Contract Lifecycle Management — which includes contract creation, management, analytics, and renewal — is becoming big and will likely get bigger still as organizations rely more and more on contracts to control price and mitigate risks. And since no one can ever find a paper contract once it’s been sent to filing, the ability for anyone anywhere at anytime to access a relevant contract, compare deliverables and prices to negotiated deliverables and prices, track (evergreen) renewals, and determine which party is responsible for a loss is almost priceless.
That being said, a contract lifecycle management system is not only useless without contracts to manage, but is also useless without good contracts to manage. Poorly created contracts that don’t define anything more than a bulk price and a term don’t ensure defensible pricing, loss management, or risk control. Nor do they ensure termination, as evergreen status could be implied if orders are still made after termination and pricing is still honoured. Nor do they even imply that the supplier even has the right insurance or certifications to even produce or ship the products the supplier is selling to you.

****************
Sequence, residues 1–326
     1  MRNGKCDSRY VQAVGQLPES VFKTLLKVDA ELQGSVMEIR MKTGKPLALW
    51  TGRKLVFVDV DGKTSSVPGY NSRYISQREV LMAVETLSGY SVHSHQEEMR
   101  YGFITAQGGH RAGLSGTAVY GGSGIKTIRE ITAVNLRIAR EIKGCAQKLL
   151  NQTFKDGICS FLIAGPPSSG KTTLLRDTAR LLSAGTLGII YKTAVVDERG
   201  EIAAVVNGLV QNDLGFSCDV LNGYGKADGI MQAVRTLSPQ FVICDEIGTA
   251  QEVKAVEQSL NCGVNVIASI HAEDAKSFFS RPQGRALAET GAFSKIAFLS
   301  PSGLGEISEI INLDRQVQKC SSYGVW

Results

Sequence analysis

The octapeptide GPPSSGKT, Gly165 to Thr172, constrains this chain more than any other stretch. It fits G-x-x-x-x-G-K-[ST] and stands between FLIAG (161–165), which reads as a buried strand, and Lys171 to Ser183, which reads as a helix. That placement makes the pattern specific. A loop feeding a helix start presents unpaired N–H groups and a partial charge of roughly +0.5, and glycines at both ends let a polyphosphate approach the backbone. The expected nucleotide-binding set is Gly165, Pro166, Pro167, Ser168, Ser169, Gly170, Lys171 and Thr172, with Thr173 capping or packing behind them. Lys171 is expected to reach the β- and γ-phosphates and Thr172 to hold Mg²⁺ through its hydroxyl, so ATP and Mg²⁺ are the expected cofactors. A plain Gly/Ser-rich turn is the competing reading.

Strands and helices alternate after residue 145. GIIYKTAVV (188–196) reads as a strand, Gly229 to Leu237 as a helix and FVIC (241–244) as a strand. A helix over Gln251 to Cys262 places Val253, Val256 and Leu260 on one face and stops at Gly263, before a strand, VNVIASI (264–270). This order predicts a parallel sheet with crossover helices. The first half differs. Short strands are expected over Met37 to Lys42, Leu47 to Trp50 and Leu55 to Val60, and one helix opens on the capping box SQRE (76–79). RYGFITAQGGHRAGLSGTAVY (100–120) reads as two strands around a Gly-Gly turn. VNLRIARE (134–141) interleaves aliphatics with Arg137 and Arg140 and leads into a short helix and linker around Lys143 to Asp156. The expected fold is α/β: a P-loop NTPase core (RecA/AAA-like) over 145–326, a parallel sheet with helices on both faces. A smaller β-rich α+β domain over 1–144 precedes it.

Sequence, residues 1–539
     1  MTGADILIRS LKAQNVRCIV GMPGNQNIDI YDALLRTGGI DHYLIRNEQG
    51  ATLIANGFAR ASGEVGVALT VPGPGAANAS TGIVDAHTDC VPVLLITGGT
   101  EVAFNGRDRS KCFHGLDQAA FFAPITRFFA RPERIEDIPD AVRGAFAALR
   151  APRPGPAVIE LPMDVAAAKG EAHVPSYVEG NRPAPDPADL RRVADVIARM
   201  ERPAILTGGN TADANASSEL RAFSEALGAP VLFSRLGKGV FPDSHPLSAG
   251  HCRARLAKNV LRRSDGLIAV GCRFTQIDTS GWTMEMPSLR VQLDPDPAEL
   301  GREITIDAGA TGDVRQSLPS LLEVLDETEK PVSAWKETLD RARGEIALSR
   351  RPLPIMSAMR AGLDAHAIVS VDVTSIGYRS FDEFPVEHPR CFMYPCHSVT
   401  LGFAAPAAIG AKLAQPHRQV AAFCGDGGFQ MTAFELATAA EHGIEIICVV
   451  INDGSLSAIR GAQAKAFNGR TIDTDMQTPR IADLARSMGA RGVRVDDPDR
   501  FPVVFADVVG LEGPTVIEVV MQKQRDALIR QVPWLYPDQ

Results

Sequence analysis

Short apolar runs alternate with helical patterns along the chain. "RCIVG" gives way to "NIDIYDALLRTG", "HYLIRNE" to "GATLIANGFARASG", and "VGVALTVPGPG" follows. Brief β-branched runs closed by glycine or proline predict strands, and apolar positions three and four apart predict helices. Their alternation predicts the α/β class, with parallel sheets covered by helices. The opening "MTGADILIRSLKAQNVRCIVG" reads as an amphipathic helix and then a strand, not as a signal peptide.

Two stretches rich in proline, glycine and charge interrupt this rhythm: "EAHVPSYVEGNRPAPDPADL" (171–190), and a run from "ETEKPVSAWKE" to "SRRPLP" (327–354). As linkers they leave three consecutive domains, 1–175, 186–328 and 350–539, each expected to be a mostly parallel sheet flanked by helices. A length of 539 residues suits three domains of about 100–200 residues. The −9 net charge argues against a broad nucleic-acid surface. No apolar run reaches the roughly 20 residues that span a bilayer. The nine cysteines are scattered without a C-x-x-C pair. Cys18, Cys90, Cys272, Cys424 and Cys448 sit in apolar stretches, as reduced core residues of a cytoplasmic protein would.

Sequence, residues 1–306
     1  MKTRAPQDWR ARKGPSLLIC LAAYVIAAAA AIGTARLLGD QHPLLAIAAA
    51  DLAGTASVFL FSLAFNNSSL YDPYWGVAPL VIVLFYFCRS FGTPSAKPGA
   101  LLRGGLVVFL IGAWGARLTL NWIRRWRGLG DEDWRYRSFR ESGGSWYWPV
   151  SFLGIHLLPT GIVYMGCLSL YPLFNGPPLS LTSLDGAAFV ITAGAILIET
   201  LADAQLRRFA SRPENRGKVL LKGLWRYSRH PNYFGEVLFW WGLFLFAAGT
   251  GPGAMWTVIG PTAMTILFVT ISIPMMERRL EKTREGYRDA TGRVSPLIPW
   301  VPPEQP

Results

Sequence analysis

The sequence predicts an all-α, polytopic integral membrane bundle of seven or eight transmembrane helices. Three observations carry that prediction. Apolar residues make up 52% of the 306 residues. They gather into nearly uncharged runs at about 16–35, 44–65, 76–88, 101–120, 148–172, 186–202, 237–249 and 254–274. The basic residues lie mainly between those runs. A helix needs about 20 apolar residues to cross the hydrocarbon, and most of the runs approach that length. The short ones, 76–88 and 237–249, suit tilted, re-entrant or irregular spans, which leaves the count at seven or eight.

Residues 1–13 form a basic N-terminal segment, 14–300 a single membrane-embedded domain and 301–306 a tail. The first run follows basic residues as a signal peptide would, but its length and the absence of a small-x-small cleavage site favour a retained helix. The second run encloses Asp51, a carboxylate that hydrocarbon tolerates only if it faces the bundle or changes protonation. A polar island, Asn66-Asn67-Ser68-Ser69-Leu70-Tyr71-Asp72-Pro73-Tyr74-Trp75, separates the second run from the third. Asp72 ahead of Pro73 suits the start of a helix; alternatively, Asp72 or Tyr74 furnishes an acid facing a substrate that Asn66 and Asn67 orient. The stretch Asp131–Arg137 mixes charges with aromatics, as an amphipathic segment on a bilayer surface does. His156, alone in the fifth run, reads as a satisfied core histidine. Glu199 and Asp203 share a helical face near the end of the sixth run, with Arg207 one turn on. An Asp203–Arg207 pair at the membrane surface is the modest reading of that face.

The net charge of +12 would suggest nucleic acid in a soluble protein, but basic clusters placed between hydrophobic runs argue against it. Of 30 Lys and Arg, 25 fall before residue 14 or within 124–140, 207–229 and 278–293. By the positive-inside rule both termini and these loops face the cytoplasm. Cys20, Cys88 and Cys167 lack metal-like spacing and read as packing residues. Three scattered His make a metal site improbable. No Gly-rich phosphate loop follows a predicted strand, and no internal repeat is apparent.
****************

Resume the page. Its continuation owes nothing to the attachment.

In order to control risk, mitigate loss, and realize the expected benefits, a good contract is critical. This not only requires good negotiation, but good contract drafting that covers all of the necessary T’s and C’s, including those you never hope to need. All of them. And, more importantly, that spells out all of the requirements of both parties in terminology that cannot be easily misinterpreted or twisted by leeching litigious lawyers who will bleed both parties dry in legal fees before an agreement or decision is reached.
So how do you get a good contract? Well, as the legendary Dick Locke once wrote in our classic post on Blogging on International Contracting, not only should your contracts be in plain English, but they should be written with a high reading ease score (40 or more in Microsoft Word) and a grade level requirement of 11 or less. Especially since the contract is not likely to be in the supplier’s native language if the contract is with an international supplier.
After all, as Mr. Locke so keenly pointed out in a follow up piece on Simplified Contracts, Part 3, if you let a litigious lawyer write a contract from a supplier with a slimy sales team, he could easily insert just one word in a twenty page contract with an average sentence length of 73 words and paragraph length of half a page that negates the entire contract, and you’d never know.
So how do you write a good contract? We’ll explore that in this series.